Borderlands was an odd game. It wasn’t the most complex game ever, its story wasn’t exactly mind blowing and at times it could be pretty slow. But you know what? It was damn good fun – and even more so with a few friends. So picture Borderlands 2 offering more of the same in terms of core gameplay experience but promising a better storyline, more interaction with characters and something a little less by the books. We got to check out Borderlands 2 last week and pass judgement over the new content introduced by Gearbox.
From the moment you start running around Pandora’s new locales, it’s instantly evident just how much more social and interactive the game’s towns are. NPCs walk around the streets talking as you pass, people do things other than standing in one spot looking bored and quest-givers actually talk to you rather than present you with a massive block of on-screen text. It’s such a simple set of features but when you compare it to the original Borderlands’ acceptable but rather lacklustre way of presenting the story, it’s almost unbelievable that this is a new thing.
One major thing Borderlands 2 does successfully is introduce a brand new story, but not alienate those that played the original game. You’ll quickly spot characters from the first game including those that you might have actually played as and rather than portray them as people you should know, the game only puts them in the plot in supporting roles. If you do know them, then there’s no doubt their presence will bring a smile to your face. Marcus the portly gun merchant returns, Claptrap is still bouncing around Pandora humming to himself, and the original cast members all have unique roles to play.
Perhaps the most interesting new character I had the pleasure of meeting during the preview was Tiny Tina, a thirteen year old girl who likes to throw tea parties with her toys. Sounds innocent enough but when you get to meet her, it’s clear she has a few screws loose. Despite being clearly mad, she’s portrayed in such a way that you don’t mind helping her out instead of slowly edging away from her. Sure she’ll ask you for explosives and other dangerous objects to complete quests but then the innocent side of her comes through and asks you to complete an optional objective of finding crumpets for her tea party. Her voice acting is also fantastic, a mix between sassy and street, with some Internet lingo thrown in. She’ll greet you with things like “oh hai!” but pop out with slang (and sometimes strong) language, ending statements with things like “boyeeeee!”. It’s the level of characterisation the original Borderlands often cried out for.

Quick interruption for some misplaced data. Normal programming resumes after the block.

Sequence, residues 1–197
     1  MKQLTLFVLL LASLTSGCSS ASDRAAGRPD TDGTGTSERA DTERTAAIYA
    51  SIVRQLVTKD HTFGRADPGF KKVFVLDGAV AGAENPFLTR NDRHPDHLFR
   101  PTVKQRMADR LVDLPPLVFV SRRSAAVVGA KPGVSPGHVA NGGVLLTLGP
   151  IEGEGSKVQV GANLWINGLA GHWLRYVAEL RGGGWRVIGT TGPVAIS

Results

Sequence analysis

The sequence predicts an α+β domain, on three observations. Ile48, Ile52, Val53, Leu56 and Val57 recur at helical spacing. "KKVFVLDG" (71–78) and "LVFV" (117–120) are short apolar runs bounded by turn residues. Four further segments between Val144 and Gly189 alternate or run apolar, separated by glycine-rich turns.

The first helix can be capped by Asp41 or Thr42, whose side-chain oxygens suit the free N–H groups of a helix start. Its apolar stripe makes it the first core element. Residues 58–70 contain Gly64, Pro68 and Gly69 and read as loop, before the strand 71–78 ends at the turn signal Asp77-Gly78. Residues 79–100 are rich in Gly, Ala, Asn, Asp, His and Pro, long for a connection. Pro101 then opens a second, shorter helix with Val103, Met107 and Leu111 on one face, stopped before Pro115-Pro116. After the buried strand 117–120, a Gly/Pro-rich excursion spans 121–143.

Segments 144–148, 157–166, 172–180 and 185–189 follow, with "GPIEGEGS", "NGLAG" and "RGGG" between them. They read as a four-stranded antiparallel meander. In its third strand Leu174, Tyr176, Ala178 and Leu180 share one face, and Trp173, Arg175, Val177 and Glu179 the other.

Moving away from the game’s narrative, Borderlands 2 is for the most part identical to the original Borderlands. You talk to people or read notice boards and you’re given quests to complete. Sometimes they’re simple fetch quests, other times you’ll need to kill a specific target. You get the general idea – follow a waypoint, complete objective. The waypoint system in Borderlands 2 has seen a small change in that it’ll slowly update as you approach your final target. For example, the original Borderlands would put the waypoint at the final goal or target. The sequel however will periodically update the waypoint, giving you a clearer indication of where you’re going. It’s not exactly hard to get lost in Pandora, but it helps anyway.
Seeing as the original title’s four main characters are now part of Borderlands 2’s narrative, it means we’ve got a new ensemble charging through Pandora and murdering anything that moves. Unfortunately, due to preview limitations, I only got to take one of the four out for a play so I picked Maya, a character fairly similar to Lilith, the character I’d played as in the original Borderlands. Like Lilith, Maya is a Siren but unlike Lilith’s ability to become invisible and move like greased lightning, Maya uses an ability called Phaselock. When activated by aiming at an enemy, your target is hoisted into the air and held for a few seconds, completely unable to fight back. Naturally you can’t abuse the ability as it has a recharge period, but when you find yourself up against tougher, often armoured enemies, it can be a godsend.
Other small features worth briefly mentioning include the fact that the game has a fully realised world map. Whereas Borderlands’ areas were connected by gates and a list of names and nothing more, Borderlands 2 has a full viewable world map which indicates exactly where you are. Minor, but useful. A minor gripe would be that some lootable objects including piles of bones now require you to melee attack them rather than just holding a single button as in the first game.
Borderlands 2 is definitely a better game than the original and you can tell the development team aren’t bringing out another one with the sole intent of making more money. It’s clever, funny, enjoyable and retains the original titles addictive exploration and loot mechanics without ever getting stale. Fan of the original? Don’t miss this. Not played the original? It’d be great to play that first, but it’s definitely not necessary.
Any excuse for another journey through Pandora is a good excuse.